Hamilton faced booing and jeering from F1 title rival Verstappen’s fans at the Hungarian Grand Prix before the summer break following their controversial collision at Silverstone two weeks earlier.
Hamilton brushed off the boos at the time, but is set to face a similarly hostile welcome to the Dutch Grand Prix this weekend as Verstappen races in front of his home crowd for the very first time.
Verstappen said ahead of the race weekend at Zandvoort that he didn’t mind the atmosphere “as long as it doesn’t affect Lewis”, but said that it was not for him to tell his fans to do otherwise.
“When you go to a football match, when you go to a home ground the other opposition will be booed at some point, and it’s not up to then the local club to come onto the speakers and go ‘guys, you cannot boo’, because it will naturally happen,” Verstappen said.
“Also in football they are very passionate and they support their local team. So I don’t think it’s up to me to say to them they can’t boo, because I am not them and I have to just focus what I’m doing on-track.”
Hamilton acknowledged the booing was “naturally something you would expect” at Zandvoort, and that while he did not agree with it, he would look to channel the energy into a positive.
“Of course you’ve seen a lot of the orange fans all over,” Hamilton said.
Dutch fans turn the venue orange after a win for Max Verstappen, Red Bull Racing, 1st position
Photo by: Andy Hone / Motorsport Images
“I’ve never been someone that would go to an event and boo, but I understand it. You see it in football events, the passion that the fans have, or the dislike that some of them have of their opponents. But I respect it.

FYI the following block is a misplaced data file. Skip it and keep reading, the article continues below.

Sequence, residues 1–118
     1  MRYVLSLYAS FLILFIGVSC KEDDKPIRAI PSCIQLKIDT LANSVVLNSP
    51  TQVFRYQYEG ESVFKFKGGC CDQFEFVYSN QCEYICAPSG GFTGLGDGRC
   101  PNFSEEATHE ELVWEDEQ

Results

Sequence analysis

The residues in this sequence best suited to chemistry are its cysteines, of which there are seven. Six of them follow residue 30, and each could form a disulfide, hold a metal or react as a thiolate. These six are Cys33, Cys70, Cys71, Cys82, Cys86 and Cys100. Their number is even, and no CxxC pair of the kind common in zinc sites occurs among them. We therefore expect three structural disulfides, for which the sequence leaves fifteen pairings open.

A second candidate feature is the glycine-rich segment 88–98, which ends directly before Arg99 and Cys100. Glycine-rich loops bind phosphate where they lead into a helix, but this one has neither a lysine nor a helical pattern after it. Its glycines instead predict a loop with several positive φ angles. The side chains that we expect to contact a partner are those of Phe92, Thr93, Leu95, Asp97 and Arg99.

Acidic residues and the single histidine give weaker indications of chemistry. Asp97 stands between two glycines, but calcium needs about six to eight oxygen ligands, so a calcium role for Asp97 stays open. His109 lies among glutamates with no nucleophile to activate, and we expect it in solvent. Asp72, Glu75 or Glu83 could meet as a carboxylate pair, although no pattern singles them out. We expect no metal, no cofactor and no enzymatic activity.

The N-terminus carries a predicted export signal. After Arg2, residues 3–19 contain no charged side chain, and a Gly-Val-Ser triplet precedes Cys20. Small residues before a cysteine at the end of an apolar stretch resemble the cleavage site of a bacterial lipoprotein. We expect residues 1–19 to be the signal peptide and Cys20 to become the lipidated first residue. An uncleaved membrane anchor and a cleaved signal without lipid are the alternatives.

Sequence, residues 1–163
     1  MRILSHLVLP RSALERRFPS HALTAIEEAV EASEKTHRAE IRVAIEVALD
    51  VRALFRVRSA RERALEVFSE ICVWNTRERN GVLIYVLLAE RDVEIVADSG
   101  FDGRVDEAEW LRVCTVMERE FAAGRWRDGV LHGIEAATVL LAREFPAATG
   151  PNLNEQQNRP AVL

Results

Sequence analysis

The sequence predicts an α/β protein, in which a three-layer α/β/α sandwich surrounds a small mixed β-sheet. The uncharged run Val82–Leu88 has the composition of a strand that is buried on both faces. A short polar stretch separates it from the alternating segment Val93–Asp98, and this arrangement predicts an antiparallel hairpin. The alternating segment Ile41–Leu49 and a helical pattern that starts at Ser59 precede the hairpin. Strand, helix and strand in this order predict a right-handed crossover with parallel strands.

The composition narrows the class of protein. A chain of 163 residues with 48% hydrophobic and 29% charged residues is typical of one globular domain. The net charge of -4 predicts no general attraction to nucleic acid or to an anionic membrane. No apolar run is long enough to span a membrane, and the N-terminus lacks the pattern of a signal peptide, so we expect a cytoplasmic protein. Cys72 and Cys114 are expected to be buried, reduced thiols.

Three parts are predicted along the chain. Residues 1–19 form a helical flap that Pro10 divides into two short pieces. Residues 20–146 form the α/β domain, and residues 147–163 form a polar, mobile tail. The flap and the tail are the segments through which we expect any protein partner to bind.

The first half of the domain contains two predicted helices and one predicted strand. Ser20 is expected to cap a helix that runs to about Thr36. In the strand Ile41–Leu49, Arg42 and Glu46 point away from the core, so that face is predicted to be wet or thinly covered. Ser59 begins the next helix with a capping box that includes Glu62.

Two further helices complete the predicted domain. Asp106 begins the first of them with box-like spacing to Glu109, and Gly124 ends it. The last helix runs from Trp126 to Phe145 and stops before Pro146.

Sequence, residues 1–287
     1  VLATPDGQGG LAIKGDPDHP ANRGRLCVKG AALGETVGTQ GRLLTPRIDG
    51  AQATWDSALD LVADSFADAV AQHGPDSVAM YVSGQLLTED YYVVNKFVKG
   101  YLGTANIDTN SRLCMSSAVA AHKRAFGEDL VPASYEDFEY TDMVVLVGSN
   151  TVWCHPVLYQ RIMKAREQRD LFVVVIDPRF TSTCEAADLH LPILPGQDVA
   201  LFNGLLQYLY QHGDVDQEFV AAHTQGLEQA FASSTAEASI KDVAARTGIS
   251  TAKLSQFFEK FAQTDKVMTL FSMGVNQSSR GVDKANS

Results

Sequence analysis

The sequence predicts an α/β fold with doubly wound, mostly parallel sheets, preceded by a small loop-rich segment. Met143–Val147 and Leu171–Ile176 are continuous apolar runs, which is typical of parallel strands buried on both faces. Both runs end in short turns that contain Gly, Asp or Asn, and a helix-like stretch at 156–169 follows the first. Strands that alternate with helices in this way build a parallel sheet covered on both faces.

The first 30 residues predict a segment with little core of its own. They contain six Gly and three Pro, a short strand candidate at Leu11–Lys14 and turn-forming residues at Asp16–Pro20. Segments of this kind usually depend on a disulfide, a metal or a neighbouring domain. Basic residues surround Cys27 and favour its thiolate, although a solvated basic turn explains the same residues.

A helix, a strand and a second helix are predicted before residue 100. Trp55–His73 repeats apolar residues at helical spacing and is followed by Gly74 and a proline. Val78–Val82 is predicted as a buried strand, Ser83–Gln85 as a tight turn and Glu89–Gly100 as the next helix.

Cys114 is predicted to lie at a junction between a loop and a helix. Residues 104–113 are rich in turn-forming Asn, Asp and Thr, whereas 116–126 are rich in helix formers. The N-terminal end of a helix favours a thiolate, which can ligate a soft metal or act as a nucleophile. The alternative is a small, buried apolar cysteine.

“I think I’ve always loved coming out to Holland. Amsterdam is one of the greatest cities. And I know I do have some Team LH fans in the Netherlands, which I really appreciate. They’re probably a small portion in the grandstands out there, and I admire them for being able to withstand the boos too.
“But that’s the sport. What I do is just try and turn that energy towards me, however you want to take it, and turn it into a positive, and try and put it into a drive.”
Asked if he would ever feel a need to tell his own home fans not to boo, Hamilton replied: “Well fortunately, the British fans don’t do the booing.
“They’re amazing, the British fans. I think they’re just there for a great weekend. I don’t think I’ve heard booing from the British fans for anyone in my time. I’ve got a short memory, but I’m pretty sure I haven’t.
“But I don’t agree with it in general for anyone. Everyone is there to do the best job they can, and everyone is trying to be the best they can be.
“But it is again, it’s a part of sport, and you see it.”